SANTA CLARA COUNTY, California – A new variant of the coronavirus, first discovered in India, was diagnosed in the San Francisco Bay Area and is believed to be the first of its kind to be discovered in the United States.

The variant believed to be responsible for a recent spike in COVID-19 cases in India is classified as a double mutation, according to KNTV.

So far, Stanford University experts have only confirmed one case with the new variant nationwide, but more are expected, the broadcaster reported.

“We identified this new Indian variant last week immediately after it was reported in the lay press,” confirmed Dr. Ben Pinsky, director of the Stanford Clinical Virology Lab, told KTVU.

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The variant, which the Indian media has called the double mutant, has two mutations that make it more easily transmissible. However, research has not yet revealed whether it is a more dangerous variant of the virus, both outlets reported.

“It’s just less forgiving,” said Dr. Peter Chin Hong, a medical instructor who specializes in infectious disease management at the University of California at San Francisco, told KTVU. “The Indian variant has very, very similar symptoms. The main difference is that the transfer is much easier. “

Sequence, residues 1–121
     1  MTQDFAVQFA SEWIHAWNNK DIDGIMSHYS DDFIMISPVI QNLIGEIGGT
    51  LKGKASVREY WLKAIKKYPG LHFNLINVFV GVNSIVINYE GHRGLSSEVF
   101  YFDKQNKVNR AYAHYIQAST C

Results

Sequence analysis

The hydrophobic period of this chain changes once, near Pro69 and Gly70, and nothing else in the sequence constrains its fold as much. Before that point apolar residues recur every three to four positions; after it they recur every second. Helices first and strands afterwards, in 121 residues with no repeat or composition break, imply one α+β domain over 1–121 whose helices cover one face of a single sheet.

Despite the increased portability of the new variant, Chin Hong said that the British variant B.1.1.7. Remains transmissible and he believes that all current vaccination options should provide effective protection against them.

“I am deeply convinced that the vaccines against this new Indian variant will continue to be effective based on some of the information we received about the even more frightening variants like the South African variant and the way Pfizer’s vaccine is actually effective against it, ”he told the TV station.

In the meantime, Dr. Stanford’s Dean Winslow, professor of medicine and former infectious disease consultant to the US Air Force surgeon general, told KNTV that there was “no clear evidence” that the double mutant “is more virulent or causes more serious disease” than other known variations.

“Most (vaccinated) people will develop an immune response. Maybe it won’t protect against widespread infection, but at least (a vaccine) will protect against moderate or severe illness, ”Winslow said.

According to KTVU, Stanford is currently testing seven other suspected cases of the Indian variant.

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